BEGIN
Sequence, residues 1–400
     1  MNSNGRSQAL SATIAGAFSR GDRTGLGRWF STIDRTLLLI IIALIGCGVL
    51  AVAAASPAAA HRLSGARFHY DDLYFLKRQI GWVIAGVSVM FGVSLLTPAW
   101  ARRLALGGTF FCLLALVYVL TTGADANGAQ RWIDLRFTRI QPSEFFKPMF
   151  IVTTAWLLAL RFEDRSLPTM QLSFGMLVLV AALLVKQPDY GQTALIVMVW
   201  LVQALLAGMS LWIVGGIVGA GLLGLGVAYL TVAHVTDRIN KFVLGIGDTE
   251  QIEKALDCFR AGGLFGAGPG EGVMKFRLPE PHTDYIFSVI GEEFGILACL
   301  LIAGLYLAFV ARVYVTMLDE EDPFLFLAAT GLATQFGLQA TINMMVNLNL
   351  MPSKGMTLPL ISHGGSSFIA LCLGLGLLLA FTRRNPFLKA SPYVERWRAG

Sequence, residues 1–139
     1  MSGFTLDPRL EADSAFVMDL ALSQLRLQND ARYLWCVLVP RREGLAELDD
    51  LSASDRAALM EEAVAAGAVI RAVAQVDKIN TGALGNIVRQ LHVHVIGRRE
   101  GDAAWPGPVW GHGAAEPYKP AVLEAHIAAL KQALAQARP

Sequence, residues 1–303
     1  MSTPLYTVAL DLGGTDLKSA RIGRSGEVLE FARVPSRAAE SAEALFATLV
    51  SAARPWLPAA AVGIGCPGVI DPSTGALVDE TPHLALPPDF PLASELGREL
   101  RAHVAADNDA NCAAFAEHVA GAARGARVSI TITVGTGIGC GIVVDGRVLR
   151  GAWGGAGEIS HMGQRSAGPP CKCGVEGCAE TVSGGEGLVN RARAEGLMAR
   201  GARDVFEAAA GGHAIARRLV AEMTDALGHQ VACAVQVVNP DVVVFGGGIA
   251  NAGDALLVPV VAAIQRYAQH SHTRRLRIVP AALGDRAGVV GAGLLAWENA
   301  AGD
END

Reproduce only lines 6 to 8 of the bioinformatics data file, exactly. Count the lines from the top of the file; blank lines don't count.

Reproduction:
   201  LVQALLAGMS LWIVGGIVGA GLLGLGVAYL TVAHVTDRIN KFVLGIGDTE
   251  QIEKALDCFR AGGLFGAGPG EGVMKFRLPE PHTDYIFSVI GEEFGILACL
   301  LIAGLYLAFV ARVYVTMLDE EDPFLFLAAT GLATQFGLQA TINMMVNLNL